According to the New York Times, Huawei’s access to supply chain components from the United States could soon be restored by the Trump administration. As the ban on Huawei’s access to US products seems to be immanently lifted, the Chinese telecom could once again equip their smartphones with Google’s GMS (Google Mobile Services).
This would be a major coup for Huawei, as the loss of access to GMS had put off many users who rely on these services across the world, including major developed markets like Europe and North America. Huawei’s latest flagship smartphone release, the Mate 30, was unable to adopt GMS which sapped some of the momentum from the product’s launch. Some important GMS services include the Google Play Store, Youtube, Gmail. Recently, GMS conducted a survey in which 22% of respondents said they would reconsider a device without GMS, while 17% said they would like a discount for a non-GMS equipped device. The lack of GMS clearly reduces the attractiveness of the Mate 30, distracting users from the many positive aspects of the phone, which is otherwise an industry leading product. While Huawei independently developed its Harmony (or Hongmeng in Chinese) operating system, the new system requires time for users to become familiar, thus not entirely supplanting GMS.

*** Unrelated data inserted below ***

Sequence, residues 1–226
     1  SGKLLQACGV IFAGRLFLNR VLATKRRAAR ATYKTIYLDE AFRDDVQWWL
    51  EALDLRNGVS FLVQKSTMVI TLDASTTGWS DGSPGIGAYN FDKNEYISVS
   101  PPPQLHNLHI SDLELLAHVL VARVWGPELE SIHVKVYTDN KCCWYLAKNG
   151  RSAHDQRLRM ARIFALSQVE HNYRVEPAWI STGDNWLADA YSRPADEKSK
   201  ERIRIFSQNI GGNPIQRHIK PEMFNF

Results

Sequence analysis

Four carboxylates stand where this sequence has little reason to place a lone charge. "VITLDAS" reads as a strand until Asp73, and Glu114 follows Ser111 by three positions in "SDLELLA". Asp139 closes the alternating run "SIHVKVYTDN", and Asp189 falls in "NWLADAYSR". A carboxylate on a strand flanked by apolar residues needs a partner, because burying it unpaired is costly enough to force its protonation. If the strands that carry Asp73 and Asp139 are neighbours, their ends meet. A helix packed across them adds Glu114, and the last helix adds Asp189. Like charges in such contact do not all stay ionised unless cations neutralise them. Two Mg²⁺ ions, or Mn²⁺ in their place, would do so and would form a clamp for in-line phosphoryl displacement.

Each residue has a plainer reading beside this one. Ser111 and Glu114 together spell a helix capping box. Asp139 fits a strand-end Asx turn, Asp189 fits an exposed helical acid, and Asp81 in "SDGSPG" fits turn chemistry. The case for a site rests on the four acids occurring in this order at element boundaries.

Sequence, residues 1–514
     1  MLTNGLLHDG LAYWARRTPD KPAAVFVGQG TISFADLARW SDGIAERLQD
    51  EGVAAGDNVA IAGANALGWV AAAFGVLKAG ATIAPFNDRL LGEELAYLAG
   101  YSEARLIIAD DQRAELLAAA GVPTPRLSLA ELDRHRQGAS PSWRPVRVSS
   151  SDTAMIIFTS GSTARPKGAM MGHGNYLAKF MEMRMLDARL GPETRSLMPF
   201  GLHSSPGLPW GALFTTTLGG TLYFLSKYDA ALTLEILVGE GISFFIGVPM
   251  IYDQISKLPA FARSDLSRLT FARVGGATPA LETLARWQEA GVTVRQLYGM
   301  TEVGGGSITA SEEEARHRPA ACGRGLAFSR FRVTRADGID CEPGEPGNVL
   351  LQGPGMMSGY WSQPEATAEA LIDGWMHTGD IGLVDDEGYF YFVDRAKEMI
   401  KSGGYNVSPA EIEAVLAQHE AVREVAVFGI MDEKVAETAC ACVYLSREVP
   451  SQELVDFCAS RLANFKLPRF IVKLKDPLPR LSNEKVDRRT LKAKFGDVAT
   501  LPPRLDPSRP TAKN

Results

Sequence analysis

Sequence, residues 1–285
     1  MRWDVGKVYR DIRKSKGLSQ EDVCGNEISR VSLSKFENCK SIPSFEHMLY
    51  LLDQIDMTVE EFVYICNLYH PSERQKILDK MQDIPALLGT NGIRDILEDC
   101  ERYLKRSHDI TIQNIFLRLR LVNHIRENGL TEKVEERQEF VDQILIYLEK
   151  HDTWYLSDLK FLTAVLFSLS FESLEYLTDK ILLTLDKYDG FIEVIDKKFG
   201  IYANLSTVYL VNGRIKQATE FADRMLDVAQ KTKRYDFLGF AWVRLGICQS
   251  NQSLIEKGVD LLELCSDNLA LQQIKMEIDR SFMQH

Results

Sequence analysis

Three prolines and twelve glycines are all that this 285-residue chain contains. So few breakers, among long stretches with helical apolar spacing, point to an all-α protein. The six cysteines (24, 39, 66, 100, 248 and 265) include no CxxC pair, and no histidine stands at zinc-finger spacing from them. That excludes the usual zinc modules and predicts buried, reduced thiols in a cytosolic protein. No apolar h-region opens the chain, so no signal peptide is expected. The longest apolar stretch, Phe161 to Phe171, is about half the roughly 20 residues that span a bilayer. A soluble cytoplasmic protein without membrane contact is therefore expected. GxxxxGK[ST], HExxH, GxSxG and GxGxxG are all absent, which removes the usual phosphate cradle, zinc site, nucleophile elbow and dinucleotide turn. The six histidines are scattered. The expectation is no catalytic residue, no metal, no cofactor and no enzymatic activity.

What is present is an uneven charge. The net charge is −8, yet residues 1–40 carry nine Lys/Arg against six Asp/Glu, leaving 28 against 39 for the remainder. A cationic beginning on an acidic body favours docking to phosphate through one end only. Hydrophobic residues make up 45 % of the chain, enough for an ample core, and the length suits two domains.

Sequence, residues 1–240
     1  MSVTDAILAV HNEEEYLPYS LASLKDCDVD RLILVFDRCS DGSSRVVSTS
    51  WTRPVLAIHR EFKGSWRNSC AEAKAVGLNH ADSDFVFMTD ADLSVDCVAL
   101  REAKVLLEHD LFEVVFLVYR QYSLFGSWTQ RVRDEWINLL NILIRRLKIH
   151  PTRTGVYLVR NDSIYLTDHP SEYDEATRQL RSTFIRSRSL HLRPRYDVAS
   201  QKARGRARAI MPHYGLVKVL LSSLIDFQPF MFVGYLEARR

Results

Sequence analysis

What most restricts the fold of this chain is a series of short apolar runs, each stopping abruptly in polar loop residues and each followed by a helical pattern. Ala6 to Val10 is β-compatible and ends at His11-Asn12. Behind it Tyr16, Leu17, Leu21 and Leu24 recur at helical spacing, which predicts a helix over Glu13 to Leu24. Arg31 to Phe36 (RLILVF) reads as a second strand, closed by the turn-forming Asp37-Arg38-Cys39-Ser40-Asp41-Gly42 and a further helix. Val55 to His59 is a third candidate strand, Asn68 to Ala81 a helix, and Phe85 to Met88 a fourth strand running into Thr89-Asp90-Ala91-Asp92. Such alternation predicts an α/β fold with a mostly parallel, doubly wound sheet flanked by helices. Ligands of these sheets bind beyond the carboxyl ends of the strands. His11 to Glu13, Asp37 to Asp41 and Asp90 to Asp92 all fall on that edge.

Fortunately for Huawei, Tian Ming International analyst Guo Mingxi believes that roughly 70% of the sales for their new flagship Mate 30 occur in the domestic Chinese market, which is significantly less reliant on GMS services due to the restrictions on Google in Mainland China. However, in 2018, overseas shipments accounted for nearly half of their smartphone shipments, so the possibility of their access to GMS being restored will represent a significant windfall to their business.